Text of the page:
Hungary's parliament approved today a crackdown on foreign-backed civil society groups despite an international outcry, in a move seen as targeting US billionaire George Soros.
A new law, passed by 130 votes to 44, will force groups receiving more than 24,000 euros (USD 26,000) annually in overseas funding to register as a "foreign-supported organisation", or risk closure for non-compliance.
But the European Commission and the United Nations have condemned the law, saying it could "discriminate against and delegitimise" non-governmental organisations (NGOs).
International rights groups also warned that the labelling requirement would "stigmatise" civil groups critical of Orban's hardline policies.
It "has nothing to do with transparency and everything to do with obstructing and discrediting critical civil society voices," said Amnesty International's European director, John Dalhuisen.
The organisation denounced the move for resembling legislation introduced in Russia in 2012 requiring foreign NGOs to register as "foreign agents".
The Hungarian law marks a hardening of frontlines in Orban's battle with foreign-funded NGOs, in particular those receiving support from Hungarian-born emigre Soros.
Government-backed billboard and media campaigns have targeted the philanthropist, while a questionnaire sent to households nationwide urged support for the registration of foreign-funded NGOs.
In January, a senior official from Orban's ruling Fidesz party said the "Soros empire's fake-civil groups" should be "swept out" of Hungary for attacking the government's anti- immigration line.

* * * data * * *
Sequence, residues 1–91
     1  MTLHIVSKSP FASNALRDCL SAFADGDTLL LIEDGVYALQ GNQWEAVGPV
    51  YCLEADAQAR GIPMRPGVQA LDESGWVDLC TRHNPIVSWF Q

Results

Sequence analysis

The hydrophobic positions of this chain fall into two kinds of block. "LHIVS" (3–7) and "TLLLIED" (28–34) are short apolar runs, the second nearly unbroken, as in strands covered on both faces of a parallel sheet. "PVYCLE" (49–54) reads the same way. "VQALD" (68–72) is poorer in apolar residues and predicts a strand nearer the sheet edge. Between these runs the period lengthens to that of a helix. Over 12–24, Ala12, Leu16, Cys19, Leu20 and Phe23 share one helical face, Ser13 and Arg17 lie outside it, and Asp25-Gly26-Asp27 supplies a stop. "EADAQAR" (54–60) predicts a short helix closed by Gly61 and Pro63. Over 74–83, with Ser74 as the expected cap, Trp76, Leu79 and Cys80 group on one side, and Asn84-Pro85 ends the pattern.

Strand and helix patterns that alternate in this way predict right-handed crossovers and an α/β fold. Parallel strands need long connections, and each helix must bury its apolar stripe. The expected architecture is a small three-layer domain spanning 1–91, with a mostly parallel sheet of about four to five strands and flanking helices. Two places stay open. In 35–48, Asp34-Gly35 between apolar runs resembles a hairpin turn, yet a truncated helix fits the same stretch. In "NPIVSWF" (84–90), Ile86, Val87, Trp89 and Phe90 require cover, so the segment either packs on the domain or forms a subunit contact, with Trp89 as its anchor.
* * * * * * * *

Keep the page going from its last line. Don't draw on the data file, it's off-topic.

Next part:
It also accused "some state authorities" of staging a "virulent" campaign against NGOs.
Budapest said it took the Venice Commission concerns into account when amending the proposal last week, for example dropping a requirement for the details of all foreign donors to be named on a group's publications.
But the Hungarian Helsinki Committee (HHC), a local refugee rights group, dismissed the amendments as "cosmetic changes".
"NGOs can still be closed down if they fail to comply with the new rules," the HHC's co-chief Marta Pardavi told AFP.
"No consultations took place before the vote, while the general intent to stigmatise also remained," she said.
Today's vote follows the hasty approval of another law in April that threatens to shut the Soros-founded Central European University in Budapest.
The crackdown on the CEU and NGOs sparked a large protest in April in the Hungarian capital.
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